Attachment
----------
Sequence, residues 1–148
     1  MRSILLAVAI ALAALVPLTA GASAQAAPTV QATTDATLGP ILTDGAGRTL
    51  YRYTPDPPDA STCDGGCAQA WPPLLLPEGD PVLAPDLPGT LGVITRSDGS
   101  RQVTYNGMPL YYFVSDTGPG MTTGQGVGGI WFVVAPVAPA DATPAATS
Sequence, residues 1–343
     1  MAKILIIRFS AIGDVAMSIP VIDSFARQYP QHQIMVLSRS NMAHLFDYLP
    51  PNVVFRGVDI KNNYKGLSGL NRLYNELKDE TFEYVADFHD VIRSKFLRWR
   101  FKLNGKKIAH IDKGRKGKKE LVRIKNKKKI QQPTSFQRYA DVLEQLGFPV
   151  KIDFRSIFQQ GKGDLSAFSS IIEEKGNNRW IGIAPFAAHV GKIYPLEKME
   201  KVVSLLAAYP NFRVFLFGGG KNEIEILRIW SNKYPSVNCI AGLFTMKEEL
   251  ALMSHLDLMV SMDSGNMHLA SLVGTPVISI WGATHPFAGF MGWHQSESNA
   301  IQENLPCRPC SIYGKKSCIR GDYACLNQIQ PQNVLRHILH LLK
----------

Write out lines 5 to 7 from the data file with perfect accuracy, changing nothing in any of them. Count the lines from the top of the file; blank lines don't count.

Sequence, residues 1–343
     1  MAKILIIRFS AIGDVAMSIP VIDSFARQYP QHQIMVLSRS NMAHLFDYLP
    51  PNVVFRGVDI KNNYKGLSGL NRLYNELKDE TFEYVADFHD VIRSKFLRWR